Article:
“[What] then made the change was, there, the dynamic changes in the worldwide health situation and there, for a postponement – because again, a cancellation we could have decided in our own – but for a postponement, we need of course there the full commitment of our Japanese partners, also for the postponed Games. And this is what we were looking for there with our approach, and this is what we then yesterday [Tuesday] have achieved, in this way, making it possible that the Olympic Games Tokyo 2020 are happening, have not to be cancelled, but can give the athletes, you know, the hope, and now also the athletes to be assured that their Olympic dream can come true, even with a delay.”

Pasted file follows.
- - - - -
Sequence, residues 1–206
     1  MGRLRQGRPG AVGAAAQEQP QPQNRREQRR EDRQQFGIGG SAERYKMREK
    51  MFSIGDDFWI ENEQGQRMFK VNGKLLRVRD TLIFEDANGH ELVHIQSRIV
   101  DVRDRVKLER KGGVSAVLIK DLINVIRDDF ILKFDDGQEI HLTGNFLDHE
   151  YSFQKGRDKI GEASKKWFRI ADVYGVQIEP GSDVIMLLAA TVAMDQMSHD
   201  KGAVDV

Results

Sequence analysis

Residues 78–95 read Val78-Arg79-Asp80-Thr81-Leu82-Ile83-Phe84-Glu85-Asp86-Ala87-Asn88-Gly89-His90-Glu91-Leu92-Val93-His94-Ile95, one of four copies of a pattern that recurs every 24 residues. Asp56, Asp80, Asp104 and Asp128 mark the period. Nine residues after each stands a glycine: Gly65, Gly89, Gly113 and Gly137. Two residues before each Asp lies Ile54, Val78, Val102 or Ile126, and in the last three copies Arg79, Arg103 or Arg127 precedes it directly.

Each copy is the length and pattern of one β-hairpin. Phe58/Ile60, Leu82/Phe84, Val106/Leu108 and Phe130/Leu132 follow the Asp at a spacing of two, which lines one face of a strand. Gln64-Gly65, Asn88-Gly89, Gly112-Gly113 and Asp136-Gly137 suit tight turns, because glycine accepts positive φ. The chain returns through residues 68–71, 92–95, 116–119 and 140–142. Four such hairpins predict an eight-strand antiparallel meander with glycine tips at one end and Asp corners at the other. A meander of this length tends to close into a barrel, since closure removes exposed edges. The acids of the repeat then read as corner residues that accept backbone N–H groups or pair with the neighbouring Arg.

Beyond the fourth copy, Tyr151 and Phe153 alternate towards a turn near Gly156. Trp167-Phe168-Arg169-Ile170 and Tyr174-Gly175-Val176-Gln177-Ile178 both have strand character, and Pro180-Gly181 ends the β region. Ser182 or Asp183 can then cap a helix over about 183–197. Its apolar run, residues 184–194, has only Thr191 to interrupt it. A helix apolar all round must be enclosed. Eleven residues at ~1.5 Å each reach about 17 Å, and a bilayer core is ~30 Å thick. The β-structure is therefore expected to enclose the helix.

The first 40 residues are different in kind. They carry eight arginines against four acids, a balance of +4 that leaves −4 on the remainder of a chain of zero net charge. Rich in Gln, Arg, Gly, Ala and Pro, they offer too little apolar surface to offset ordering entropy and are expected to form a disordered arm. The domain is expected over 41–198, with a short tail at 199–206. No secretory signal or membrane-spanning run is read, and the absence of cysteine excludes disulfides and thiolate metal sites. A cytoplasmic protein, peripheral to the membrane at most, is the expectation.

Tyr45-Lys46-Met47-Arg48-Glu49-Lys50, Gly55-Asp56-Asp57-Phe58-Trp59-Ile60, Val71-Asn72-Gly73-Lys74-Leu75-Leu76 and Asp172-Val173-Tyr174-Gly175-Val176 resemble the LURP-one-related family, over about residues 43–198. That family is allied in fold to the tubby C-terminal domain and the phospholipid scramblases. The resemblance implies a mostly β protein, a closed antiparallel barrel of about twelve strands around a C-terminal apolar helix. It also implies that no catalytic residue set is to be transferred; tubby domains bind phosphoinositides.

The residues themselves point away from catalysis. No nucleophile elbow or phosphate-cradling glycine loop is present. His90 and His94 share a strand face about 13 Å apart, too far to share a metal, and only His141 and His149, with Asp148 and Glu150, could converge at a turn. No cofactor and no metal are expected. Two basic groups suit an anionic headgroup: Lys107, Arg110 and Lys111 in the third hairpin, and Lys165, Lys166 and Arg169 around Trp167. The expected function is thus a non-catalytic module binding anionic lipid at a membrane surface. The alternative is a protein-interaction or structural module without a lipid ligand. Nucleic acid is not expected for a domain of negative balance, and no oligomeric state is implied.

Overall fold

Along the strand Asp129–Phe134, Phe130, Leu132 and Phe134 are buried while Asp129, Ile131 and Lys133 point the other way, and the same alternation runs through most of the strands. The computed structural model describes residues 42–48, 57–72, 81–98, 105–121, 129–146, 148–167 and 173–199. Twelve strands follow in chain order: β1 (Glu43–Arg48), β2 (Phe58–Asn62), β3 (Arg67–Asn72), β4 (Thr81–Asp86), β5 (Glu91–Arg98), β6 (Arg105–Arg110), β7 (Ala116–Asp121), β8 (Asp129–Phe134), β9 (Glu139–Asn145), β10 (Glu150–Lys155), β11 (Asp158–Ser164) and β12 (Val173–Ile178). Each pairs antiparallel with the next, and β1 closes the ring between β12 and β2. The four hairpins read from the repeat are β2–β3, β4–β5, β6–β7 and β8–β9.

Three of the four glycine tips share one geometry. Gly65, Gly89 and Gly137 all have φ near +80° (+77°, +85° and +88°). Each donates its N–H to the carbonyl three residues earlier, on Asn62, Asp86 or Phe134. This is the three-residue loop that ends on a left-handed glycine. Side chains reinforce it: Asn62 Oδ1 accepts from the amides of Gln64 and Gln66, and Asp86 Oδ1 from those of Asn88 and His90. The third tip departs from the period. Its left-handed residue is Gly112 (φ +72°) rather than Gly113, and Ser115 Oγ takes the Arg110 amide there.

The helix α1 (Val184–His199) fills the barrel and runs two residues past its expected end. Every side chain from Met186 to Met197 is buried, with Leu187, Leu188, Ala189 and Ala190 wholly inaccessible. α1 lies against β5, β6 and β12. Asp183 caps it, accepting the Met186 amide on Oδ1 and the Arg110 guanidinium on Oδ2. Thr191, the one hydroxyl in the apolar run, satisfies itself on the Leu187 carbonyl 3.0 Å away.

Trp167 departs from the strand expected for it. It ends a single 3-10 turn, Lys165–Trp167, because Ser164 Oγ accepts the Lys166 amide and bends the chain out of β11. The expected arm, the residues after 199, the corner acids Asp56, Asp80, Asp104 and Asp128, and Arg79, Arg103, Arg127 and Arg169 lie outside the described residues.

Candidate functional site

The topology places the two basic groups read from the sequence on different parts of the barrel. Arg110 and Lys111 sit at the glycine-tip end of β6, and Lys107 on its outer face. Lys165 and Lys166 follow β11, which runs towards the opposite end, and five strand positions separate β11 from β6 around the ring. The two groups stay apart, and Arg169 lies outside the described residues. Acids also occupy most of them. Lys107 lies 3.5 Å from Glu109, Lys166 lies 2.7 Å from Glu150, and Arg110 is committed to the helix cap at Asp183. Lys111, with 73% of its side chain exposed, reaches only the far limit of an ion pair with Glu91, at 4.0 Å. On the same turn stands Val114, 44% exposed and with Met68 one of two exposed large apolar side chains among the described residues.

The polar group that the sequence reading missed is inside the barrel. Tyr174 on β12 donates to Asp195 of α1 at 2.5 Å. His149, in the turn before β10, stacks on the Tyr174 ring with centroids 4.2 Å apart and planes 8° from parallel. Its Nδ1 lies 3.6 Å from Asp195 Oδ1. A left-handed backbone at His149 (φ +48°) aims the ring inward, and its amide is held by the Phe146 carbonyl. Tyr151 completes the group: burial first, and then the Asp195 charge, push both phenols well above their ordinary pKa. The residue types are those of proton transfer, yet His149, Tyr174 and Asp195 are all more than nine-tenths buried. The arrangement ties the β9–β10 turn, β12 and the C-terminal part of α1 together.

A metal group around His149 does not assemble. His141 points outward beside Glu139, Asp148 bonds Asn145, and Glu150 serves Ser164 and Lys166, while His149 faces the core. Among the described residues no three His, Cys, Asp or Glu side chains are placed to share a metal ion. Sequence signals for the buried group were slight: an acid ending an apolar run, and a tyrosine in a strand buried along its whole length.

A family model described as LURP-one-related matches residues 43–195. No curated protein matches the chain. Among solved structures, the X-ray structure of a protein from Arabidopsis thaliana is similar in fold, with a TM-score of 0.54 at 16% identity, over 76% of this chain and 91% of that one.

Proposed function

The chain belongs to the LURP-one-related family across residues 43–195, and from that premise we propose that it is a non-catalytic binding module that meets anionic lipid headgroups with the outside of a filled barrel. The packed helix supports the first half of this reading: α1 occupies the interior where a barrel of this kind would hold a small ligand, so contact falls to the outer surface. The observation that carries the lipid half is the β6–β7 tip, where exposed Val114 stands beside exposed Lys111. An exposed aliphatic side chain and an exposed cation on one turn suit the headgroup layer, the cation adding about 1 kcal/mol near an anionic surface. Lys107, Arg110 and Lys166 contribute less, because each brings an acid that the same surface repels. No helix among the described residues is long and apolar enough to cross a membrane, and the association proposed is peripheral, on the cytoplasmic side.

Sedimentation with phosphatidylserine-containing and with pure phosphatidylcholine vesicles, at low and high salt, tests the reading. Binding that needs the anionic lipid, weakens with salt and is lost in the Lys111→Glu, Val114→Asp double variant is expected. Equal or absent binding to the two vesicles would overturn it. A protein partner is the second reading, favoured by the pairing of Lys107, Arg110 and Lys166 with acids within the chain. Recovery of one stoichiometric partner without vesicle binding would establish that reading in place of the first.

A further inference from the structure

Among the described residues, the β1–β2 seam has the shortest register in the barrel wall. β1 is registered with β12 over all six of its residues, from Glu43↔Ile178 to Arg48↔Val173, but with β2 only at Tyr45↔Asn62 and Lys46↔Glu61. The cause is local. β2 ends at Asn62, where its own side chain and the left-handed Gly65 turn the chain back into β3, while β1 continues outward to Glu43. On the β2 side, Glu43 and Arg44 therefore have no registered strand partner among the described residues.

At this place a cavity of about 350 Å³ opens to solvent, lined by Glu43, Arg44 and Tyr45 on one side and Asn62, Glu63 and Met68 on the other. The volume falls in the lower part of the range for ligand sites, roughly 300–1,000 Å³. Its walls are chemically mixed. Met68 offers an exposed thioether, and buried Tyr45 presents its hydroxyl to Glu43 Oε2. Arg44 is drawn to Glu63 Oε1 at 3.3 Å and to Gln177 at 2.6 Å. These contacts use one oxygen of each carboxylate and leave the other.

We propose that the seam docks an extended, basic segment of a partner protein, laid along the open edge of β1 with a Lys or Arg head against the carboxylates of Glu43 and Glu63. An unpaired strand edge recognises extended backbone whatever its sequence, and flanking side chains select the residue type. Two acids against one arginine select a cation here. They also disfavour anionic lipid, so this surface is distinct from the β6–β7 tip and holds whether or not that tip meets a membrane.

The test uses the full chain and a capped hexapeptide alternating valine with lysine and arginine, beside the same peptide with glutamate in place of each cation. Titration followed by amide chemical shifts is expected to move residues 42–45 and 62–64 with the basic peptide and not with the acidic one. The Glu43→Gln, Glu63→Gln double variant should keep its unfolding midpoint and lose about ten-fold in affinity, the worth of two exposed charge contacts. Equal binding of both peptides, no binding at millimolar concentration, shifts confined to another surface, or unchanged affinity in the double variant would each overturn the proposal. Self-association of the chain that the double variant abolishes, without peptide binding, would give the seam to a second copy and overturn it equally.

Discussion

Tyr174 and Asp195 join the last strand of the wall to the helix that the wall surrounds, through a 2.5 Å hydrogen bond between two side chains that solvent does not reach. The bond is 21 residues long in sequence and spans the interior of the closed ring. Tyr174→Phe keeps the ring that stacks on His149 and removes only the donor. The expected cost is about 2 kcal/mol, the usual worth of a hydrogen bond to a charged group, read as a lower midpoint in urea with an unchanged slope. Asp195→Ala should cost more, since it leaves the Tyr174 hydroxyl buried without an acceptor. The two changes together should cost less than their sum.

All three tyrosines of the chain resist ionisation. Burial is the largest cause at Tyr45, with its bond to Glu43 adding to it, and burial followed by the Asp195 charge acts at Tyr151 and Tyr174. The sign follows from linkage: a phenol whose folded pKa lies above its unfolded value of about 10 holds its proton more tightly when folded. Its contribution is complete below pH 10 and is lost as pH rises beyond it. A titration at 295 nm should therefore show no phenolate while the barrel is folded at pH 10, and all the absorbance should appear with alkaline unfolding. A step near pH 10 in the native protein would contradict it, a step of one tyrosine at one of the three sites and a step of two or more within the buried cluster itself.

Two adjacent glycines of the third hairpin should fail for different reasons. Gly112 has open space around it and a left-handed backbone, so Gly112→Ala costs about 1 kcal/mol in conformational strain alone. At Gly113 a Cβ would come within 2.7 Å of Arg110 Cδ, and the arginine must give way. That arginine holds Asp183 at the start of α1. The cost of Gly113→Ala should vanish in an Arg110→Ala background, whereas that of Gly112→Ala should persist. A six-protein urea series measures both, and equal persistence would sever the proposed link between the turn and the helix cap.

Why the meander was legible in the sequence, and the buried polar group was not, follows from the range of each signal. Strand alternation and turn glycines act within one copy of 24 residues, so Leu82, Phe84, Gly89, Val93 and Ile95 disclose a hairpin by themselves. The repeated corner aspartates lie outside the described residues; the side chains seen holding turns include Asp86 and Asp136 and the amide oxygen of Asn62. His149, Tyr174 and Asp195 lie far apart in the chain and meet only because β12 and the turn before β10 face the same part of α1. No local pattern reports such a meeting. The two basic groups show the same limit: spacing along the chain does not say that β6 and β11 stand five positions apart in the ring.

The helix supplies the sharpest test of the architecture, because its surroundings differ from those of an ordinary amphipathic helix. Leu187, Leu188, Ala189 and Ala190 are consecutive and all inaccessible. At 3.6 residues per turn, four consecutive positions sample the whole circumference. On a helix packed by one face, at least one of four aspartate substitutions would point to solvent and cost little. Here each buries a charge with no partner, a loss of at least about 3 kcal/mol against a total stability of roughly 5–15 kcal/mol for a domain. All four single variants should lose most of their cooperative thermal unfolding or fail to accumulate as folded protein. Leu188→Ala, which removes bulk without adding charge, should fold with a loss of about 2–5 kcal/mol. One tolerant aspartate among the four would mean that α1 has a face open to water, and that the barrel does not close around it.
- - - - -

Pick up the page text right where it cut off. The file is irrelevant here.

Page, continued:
Bach was asked a half-dozen times whether, essentially, he and the IOC were wrong in the way they handled the situation, especially in how long it took to announce the postponement. He brushed each question aside easily, and had this snappy comeback for a question from Tarik Panja of The New York Times:
“[D]on’t forget that, in this time, during the last couple of weeks, the measures of many governments, you know, they were limited until mid-of-April, some beginning of May and, you know, we could not see measures having been taken lasting until July and you have maybe seen the latest declarations there in United States from President Trump about the prospect of mid-of-April there, being able to lift many restrictions.